We have enjoyed a busy and engaging week since our last post from South Somerset District Council’s Community Heritage Access Centre, near Yeovil.
The main theme this week has been talks in the community. On Monday, staff were present in East Chinnock Village Hall to provide a talk entitled: “The Heritage of East Chinnock.” This was particularly intriguing as we used images of St. Mary’s Church from 1880 taken by Henry Stiby and a comparative image taken on 4th February 2017. The main difference between the two images is the stained glass windows given by Gunter Anton and installed by Gunter and fellow POW Anton Bischof and several of Gunter’s employees. The windows were given by Gunter to the village for the kindness he received in East Chinnock while a prisoner of war in 1945-1948. Gunter was a POW at Houndstone Camp, Yeovil but worked during the day on a local farm in the village. The windows were designed by Sepp Vees. We understand that Sepp was not a POW but was held in a disciplinary camp in the Balkans for most of World War Two by his own people for speaking out against the Nazi Regime.
During the talk, staff also referred to the entry for “East Chinnock” in the Kelly’s Directories from 1861, 1910 and 1935 to examine the types of trades in the village and the family connections to the War Memorial Tablet in the Church.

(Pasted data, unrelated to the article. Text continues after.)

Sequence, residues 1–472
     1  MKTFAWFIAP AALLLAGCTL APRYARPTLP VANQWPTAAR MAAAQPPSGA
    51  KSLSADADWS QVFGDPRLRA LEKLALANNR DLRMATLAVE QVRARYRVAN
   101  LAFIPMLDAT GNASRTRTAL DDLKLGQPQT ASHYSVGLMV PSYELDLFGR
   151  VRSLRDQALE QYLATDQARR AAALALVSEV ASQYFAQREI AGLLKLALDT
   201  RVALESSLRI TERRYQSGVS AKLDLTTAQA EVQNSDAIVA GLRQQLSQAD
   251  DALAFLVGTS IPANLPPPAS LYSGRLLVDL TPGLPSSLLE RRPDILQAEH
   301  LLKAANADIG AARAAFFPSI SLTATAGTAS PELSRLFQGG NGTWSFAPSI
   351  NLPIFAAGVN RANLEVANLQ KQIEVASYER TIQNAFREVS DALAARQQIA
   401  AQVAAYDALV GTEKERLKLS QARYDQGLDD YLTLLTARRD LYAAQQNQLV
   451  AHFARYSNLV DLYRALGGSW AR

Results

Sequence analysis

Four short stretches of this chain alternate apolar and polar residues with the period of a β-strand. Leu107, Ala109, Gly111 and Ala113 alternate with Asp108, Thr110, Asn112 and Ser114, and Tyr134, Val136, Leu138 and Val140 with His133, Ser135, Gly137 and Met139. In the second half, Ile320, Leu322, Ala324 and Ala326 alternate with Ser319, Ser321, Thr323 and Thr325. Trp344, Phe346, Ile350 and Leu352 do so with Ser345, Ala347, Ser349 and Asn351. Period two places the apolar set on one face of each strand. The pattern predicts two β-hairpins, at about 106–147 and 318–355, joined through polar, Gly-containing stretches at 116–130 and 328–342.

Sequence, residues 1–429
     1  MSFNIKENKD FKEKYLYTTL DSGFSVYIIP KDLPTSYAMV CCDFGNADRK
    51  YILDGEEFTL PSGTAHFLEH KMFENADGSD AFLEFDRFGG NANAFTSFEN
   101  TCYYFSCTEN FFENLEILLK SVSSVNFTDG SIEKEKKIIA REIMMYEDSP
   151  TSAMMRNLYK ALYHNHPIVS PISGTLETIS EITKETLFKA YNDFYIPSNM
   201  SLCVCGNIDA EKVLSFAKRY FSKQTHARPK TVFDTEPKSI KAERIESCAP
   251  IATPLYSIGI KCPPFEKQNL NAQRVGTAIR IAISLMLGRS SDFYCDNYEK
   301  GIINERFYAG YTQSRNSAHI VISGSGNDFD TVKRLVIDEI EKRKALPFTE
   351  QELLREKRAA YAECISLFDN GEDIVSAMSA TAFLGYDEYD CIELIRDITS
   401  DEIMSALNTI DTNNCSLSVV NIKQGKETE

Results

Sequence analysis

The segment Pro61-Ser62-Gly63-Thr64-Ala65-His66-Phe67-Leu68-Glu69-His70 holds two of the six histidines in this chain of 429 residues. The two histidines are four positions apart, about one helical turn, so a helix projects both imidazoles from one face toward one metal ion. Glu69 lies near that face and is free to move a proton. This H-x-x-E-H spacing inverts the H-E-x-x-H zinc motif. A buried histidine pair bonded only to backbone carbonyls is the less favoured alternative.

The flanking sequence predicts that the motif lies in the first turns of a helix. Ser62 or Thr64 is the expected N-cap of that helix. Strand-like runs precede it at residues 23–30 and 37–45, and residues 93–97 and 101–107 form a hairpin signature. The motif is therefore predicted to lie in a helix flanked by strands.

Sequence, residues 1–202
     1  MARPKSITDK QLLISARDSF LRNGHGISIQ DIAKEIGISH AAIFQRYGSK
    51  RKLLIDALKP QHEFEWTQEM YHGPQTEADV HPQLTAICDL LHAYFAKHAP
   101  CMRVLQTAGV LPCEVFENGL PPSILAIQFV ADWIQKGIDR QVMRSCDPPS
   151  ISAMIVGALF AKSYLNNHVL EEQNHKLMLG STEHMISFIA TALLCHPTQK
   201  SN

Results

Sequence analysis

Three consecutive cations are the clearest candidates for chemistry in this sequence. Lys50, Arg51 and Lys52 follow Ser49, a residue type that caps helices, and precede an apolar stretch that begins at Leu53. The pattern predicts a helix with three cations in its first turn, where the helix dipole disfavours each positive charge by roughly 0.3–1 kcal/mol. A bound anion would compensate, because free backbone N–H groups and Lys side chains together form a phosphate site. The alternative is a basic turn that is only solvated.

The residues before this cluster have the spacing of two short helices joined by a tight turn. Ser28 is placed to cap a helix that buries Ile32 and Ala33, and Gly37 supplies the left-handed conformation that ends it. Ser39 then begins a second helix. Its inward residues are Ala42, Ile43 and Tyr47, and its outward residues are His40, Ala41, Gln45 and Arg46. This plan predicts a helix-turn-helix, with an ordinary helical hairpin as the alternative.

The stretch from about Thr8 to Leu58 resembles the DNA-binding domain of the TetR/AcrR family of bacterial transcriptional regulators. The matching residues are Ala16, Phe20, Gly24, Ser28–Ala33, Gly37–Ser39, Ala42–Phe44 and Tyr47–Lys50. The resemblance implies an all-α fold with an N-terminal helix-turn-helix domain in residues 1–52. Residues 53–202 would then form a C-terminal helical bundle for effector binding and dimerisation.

On Tuesday, we provided a short outreach activity with local Brownies; Guides and Rangers at the Abbey Manor Community Centre. This was part of their Thinking Day, which we believe was part of the Birthday of Scout Founder, Lord Baden-Powell (born on 22nd February 1857). We showed a Guide Tunic from 1921-1930, dated by the badges and a Brownie tunic from 1987-1991 – dated by the donor.
The interesting element was the types of badges attained. One of the striking differences to the children was the “Photography Badge” which required the participant to “Take”; “Develop” and “Fix” an “Interior Photograph” “Exterior Photograph” and “Running Action Photograph.” We compared this with a staff digital camera.
We then travelled across Yeovil to The Moose Hall to give a talk on “Education in Yeovil” where one of the Members remembered Reckleford School, though as staff pointed out, not from one of our illustrations, which was dated 1880!
All in all, staff hopefully did enough to earn their “Entertainment Badge!”
Some of the badges on a recently donated Brownie tunic from a Yeovil-based Brownie Group.
These include from top:
“Magnifying Glass – Collector’s Badge”
“Rabbit – Discoverer”
“Quill and paper – Writer’s Badge”
“Key and Lock – Crime Prevention”
And the “Jester’s Badge” at the bottom. All of these badges were introduced around 1968.